Privatization: Unwanted baggage in Pakistan!

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Privatization alongside globalization has created an immense amount of problems to developed countries and more so to developing countries; whereby citizens have paid the expense of high profits by elites. Non-governmental organizations such as the IMF and World Bank have insisted privatizing state owned enterprises in developing countries, rather than helping poor countries to modernize and strengthen public services. Structural Adjustment Policies (SAPs) put forward by IMF and World Bank have been widely criticised for its economic failures, which have displaced millions into poverty with harsh economic reforms- mainly involving privatization. Despite the evident failures of SAPs the IMF and World Bank proclaims it’s “success”.

Despite the ongoing failure of promoting privatization globally, the Pakistani government has recently made it an agenda to endorse privatisation through the country. In Pakistan, privatization began with the conditionalities that the IMF and World Bank had set up in accordance to awarded loans. Currently 31 profitable enterprises such as, oil and gas, banking, real estate worth billions of dollars has been up for sale in the name of privatization under the rule of IMF.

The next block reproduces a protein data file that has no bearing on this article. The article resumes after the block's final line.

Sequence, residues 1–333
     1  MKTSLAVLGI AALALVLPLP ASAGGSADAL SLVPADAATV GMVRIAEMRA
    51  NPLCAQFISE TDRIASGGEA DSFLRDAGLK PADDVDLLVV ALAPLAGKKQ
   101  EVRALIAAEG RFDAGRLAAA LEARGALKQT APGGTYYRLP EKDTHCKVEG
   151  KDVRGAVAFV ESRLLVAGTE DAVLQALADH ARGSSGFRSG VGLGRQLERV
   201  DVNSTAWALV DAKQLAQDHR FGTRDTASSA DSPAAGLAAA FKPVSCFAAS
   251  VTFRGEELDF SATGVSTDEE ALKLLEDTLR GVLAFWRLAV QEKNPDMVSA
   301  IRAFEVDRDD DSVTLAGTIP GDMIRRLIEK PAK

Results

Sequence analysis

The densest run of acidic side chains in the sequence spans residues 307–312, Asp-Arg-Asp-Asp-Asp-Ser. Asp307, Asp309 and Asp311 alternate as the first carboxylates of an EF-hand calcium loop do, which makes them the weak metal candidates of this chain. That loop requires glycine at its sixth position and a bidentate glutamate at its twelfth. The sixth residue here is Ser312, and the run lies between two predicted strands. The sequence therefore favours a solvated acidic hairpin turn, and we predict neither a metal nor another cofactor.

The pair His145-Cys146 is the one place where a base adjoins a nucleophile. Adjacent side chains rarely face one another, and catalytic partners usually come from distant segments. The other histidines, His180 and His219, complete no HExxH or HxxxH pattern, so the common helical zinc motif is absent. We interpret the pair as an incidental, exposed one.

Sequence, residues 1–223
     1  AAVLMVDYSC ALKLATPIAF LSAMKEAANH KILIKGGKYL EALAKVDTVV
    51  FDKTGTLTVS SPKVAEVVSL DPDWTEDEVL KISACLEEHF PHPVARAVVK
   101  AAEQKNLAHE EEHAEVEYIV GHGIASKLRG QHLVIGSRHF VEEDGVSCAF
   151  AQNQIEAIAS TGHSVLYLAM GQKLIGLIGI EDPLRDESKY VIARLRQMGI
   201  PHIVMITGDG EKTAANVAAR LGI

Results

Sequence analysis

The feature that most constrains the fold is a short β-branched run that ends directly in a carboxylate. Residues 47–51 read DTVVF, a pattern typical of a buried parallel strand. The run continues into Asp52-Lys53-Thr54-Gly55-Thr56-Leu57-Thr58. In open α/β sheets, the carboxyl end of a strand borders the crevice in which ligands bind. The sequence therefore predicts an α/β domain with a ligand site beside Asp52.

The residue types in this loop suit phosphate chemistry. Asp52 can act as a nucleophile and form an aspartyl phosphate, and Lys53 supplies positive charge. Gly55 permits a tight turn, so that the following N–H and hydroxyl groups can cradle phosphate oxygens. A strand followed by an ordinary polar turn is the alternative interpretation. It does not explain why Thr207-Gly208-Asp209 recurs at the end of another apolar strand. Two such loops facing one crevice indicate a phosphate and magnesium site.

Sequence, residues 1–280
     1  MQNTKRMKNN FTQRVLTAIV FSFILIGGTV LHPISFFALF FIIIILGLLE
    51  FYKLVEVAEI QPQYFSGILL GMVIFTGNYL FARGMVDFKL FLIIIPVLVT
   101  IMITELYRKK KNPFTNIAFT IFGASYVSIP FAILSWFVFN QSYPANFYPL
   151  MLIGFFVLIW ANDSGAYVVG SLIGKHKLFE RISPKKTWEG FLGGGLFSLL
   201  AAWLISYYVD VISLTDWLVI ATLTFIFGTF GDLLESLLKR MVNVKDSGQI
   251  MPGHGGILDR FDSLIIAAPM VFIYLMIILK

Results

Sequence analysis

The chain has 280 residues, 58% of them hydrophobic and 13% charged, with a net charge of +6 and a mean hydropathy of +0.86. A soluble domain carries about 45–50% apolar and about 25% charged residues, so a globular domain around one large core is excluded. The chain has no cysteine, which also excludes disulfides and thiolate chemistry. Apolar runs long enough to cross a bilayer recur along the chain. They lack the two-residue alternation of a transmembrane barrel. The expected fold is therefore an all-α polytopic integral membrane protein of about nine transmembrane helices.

The main question lies, whether privatization provides a means of development? If the case in Pakistan is to be analysed privatisation seems to be taking its toll on the nation, this is clearly recognised by the decrease in social development causing a lot of the citizens to lose out on the modern day normalities such as education and health care. Also income inequalities have become an increasingly worrying epidemic in Pakistan as the public all believe that the visible gap between the poor and rich has continued to grow and projects the future will continue in the same trend of power and wealth in the hand of corporate elites. However, a means of development has been up stood globally yet merely as an advertisement considering how the ease of access across the world is very limited which in my opinion is solely down to common financial absence amongst the people.

Privatization believes to create efficiency, although in Pakistan like many other countries have shown the contrary. This is identified in the redistribution of public assets that has been gained by the rich, while the public as a whole become poorer. It is apparent that the citizens of Pakistan have become the loser and again the corporate elites have won in the global political economy.

Munira Abukar

 

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